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Cairngorms National Park

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Park Talk: Nature fosters resilience

25th February 2021

By CNPA Board Member Willie Munro

Many people got involved in the RSPB’s Big Garden Bird watch last month, recording and submitting the bird activity in their gardens. Lockdown has made us all more aware of our surroundings and watching birds from the window is an enjoyable and relaxing activity, especially when we are restricted in what we can do.

Watching and being in nature are proven to be good for our health and wellbeing, but the health of our economy in the Cairngorms National Park is also closely linked to nature and the landscape. There are many different land based businesses here – from estates, farming and forestry to wildlife guides, outdoor activity and sport providers. The health and wealth of these businesses is a crucial part of what creates and maintains a healthy economy for the Park, in turn helping to sustain vibrant and resilient communities.

Of course, Covid-19 continues to have a devastating impact on our economy. Businesses are struggling and some, sadly, will not survive. We predict a busy holiday season when lockdown eases and I hope that the return of visitors will help some of those businesses to recover. However, it’s crucial that visitors don’t undermine the very things that attract them in the first place – the landscape, wildlife, culture and just the peace and quiet.

That is why we want to ensure that the Cairngorms National Park is a place where people and nature can thrive together. It’s a fine balancing act that takes partnership working across communities, agencies, landowners and business.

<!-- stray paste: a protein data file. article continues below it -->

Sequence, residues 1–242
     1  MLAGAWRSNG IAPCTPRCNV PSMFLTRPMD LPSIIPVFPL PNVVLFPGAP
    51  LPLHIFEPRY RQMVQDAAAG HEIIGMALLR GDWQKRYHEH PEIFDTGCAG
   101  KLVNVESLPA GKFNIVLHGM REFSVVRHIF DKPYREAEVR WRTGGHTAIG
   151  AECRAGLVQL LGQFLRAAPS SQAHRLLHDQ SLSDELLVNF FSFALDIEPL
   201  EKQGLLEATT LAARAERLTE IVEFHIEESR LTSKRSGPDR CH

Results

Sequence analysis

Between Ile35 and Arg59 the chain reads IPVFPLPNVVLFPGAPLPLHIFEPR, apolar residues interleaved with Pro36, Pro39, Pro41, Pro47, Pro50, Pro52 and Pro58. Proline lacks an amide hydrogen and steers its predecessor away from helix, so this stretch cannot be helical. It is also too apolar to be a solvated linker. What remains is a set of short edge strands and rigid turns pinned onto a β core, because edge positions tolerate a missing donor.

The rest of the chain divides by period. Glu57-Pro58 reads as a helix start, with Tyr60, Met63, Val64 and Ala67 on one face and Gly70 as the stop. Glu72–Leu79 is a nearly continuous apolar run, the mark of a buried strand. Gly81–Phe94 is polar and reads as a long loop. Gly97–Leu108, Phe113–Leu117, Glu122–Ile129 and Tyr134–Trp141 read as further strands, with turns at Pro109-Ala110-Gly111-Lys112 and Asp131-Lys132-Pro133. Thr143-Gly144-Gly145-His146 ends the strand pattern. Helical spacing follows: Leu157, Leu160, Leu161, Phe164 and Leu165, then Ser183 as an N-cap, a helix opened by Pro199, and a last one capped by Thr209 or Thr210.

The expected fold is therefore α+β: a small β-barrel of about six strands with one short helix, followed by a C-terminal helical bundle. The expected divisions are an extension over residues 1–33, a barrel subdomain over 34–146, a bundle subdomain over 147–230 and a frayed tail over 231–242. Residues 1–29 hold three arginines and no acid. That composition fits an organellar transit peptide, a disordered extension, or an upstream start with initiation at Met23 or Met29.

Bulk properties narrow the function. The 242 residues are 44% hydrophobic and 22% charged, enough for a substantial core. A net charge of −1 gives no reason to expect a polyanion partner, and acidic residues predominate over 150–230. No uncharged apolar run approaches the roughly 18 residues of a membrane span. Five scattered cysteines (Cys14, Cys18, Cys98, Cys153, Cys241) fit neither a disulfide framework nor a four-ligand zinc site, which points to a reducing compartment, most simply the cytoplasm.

Tourism is our main economic driver but without the rich wildlife and landscapes that make the Park so special, would we still attract around two million visitors per year? And without those visitors, would we still have thriving communities? From a walk in the hills to the food that visitors eat in local restaurants, land based businesses and tourism go hand in hand with land management activities and providing for visitors all creating jobs and income for communities and residents.

It’s how we manage this fine balancing act moving on from Covid-19 with a green recovery plan. Our wildlife rich landscapes have helped us through this pandemic so we need to ensure that we are protecting and enhancing these places in return, so they flourish for future generations.

We all have the responsibility to ensure that we are working towards a sustainable future, that we protect the environment and manage the Park with the aim of reducing carbon and halting biodiversity loss. Our exceptional wildlife and landscapes are of great pride to the people who live and work in the Park and land managers put a huge amount of effort and investment into looking after it. Our landscapes and wildlife attract visitors, putting millions of pounds into the local economy.

So you see, nature is not only essential for our own health and wellbeing, it’s essential for the health and wellbeing of our economy and our communities, from food production to flood protection. Where there is true partnership working across all sectors we can ensure resilient landscapes, wildlife and communities for the future.